Throughout the world, as you enter most towns, you see a gold and blue wheel announcing where the local Rotary Club meets.
Rotary is a 106-year-old organization devoted to world peace and improvement of the human condition with more than 1.25 million members in more than 200 countries. It has worked to eliminate polio; there were fewer than a dozen new cases last year. Rotarians are now tackling clean water problems as well as life-threatening diseases throughout the world.
Marin County can be justly proud that more than a few of these now world-accepted, recognized programs were created and instituted here.
Rotary International probably has the fewest number of paid employees of any charitable organization in the world, with the lowest possible overhead: a lesson to other “do good” nonprofits.
In Marin, the more than dozen Rotary Clubs have created and instituted more than one worldwide program including the repair of clef plates and split lips, and they have spear-headed the inexpensive manufacture of wheeled chairs in poverty-stricken nations.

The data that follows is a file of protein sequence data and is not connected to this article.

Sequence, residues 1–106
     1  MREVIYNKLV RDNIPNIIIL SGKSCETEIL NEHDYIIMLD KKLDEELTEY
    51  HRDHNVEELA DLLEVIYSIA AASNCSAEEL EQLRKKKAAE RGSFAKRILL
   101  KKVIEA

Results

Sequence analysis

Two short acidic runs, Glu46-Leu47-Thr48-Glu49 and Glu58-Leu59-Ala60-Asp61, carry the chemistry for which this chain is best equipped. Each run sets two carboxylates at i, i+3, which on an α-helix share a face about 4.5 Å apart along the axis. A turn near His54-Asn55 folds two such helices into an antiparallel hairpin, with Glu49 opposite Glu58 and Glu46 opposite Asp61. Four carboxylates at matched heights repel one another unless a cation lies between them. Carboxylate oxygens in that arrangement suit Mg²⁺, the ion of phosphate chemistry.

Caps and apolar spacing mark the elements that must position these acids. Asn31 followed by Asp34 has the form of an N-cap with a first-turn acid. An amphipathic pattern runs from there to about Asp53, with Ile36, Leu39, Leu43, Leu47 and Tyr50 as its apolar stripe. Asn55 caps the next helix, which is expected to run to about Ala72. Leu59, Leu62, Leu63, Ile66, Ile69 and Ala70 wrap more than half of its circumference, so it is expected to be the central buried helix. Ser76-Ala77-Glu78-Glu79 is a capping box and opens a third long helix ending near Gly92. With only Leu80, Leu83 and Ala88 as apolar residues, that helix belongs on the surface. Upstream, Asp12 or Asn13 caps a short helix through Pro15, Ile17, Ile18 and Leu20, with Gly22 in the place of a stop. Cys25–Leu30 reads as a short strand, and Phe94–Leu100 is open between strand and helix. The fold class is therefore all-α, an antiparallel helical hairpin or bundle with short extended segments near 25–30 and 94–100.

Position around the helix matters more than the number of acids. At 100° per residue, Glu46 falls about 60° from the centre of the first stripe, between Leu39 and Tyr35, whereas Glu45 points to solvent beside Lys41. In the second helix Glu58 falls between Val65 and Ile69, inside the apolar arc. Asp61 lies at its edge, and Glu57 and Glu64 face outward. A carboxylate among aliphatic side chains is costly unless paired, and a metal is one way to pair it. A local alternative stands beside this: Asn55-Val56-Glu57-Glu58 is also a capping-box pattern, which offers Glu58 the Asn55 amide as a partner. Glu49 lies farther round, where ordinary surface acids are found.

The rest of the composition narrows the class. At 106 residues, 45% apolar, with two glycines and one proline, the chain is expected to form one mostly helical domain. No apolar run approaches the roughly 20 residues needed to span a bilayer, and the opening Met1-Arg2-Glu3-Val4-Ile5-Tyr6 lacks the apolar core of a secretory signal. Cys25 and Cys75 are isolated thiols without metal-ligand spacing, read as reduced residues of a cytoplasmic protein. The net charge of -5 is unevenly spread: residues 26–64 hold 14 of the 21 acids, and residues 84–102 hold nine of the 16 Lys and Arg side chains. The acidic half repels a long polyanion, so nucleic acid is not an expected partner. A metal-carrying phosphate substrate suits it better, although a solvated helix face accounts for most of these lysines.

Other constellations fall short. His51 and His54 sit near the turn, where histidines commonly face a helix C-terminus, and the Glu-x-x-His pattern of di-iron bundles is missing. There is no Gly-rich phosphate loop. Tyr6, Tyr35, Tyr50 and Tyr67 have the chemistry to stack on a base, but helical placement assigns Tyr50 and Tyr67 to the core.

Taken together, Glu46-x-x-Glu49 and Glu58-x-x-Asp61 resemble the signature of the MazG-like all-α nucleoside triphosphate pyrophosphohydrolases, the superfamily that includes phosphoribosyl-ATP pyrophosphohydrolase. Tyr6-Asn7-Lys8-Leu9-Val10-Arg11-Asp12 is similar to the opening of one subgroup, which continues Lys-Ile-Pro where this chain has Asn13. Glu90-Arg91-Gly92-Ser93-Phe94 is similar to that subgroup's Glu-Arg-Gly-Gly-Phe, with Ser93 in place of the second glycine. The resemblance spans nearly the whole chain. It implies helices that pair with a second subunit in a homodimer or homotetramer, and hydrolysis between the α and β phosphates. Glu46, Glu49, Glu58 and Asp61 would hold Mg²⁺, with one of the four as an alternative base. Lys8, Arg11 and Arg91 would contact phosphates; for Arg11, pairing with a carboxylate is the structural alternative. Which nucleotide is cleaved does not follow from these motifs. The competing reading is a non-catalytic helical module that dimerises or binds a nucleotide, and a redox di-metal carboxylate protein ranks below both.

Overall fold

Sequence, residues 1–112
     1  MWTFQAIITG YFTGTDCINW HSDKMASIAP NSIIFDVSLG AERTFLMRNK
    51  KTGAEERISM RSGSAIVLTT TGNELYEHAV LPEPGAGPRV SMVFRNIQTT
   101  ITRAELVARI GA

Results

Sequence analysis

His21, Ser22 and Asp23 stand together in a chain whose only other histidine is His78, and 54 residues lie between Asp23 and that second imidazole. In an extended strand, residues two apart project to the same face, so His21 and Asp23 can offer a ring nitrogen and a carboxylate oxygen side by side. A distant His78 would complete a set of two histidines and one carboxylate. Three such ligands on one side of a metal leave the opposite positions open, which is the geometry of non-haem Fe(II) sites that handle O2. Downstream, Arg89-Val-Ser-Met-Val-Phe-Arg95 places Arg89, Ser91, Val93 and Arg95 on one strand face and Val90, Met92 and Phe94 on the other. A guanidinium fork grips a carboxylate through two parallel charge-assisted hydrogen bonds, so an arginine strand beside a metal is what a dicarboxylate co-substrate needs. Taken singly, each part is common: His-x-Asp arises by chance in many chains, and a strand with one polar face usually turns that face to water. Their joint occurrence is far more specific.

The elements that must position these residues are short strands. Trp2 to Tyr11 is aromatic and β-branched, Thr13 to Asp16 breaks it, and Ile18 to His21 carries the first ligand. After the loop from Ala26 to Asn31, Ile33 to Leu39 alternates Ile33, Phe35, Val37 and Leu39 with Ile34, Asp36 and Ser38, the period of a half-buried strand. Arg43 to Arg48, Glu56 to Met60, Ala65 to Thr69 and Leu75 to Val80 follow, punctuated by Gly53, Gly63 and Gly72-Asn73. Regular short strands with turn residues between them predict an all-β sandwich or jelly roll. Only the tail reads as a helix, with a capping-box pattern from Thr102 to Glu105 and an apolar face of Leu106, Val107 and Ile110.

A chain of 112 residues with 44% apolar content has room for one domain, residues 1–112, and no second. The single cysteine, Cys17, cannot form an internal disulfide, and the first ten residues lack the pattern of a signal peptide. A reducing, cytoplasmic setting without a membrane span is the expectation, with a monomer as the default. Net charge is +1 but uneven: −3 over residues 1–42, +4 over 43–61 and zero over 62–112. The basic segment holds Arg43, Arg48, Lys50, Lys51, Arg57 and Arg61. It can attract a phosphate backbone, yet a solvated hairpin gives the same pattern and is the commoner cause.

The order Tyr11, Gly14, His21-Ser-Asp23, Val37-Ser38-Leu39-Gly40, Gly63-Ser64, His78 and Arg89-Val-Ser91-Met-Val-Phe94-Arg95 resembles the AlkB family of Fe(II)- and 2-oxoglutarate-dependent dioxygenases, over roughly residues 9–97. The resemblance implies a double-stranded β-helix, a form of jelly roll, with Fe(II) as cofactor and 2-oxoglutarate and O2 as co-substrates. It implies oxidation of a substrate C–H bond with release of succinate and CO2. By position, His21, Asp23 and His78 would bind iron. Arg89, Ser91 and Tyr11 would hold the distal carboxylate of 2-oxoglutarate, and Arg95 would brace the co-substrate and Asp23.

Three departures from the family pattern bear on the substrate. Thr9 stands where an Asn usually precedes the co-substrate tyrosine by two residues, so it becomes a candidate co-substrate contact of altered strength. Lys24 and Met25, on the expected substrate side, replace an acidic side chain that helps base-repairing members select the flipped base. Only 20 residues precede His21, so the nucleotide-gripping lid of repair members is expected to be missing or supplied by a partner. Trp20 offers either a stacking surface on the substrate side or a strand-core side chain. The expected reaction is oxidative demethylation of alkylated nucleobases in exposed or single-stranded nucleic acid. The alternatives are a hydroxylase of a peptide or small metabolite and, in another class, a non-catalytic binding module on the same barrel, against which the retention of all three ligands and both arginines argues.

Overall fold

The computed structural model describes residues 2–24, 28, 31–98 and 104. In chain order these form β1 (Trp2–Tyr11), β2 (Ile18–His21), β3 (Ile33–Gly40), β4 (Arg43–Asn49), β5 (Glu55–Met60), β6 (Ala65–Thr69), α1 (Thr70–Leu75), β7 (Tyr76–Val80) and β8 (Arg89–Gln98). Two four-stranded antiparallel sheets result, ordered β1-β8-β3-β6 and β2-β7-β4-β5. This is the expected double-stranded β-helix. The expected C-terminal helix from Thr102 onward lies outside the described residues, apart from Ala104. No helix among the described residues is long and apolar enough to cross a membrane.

Our own Dr. Peter Bretan, a former professor of urology at UC San Francisco and now a professor at Touro University Medical School in Vallejo, created a project through the Rotary Club of Novato, that all Marin residents can be justly proud. He brings Rotarians — all on their own nickel — to the Philippines, where he has taught local surgeons how to do kidney transplants. These doctors are now saving many lives in their own countries.
As with all good, unselfish things, huge dividends can now be shared by all Marin residents.
Now through Dr. Bretan’s leadership, his latest creation, LifePlant Disaster Preparedness, his efforts are establishing in Marin County an organization which trains physician volunteers in the importance of volunteerism, as well as disaster preparedness for the tragedy that is bound to happen when the Earth decides it is going to move and move it shall.
Dr. Bretan, also president of the Marin Medical Society, introduced to the California Medical Association a resolution at its October meeting using the Novato Rotary Club’s sponsored outlined plan that Dr. Bretan created. LifePlant should serve as a template for all of California.
We are truly blessed to have many, many fine physicians here, as well as an abundance of truly concerned neighbor-citizens, but when we turn the lights off tonight, we can rest a bit easier knowing that Rotarians and just plain folk like Dr. Bretan, are applying their talents for the safety and comfort of us all.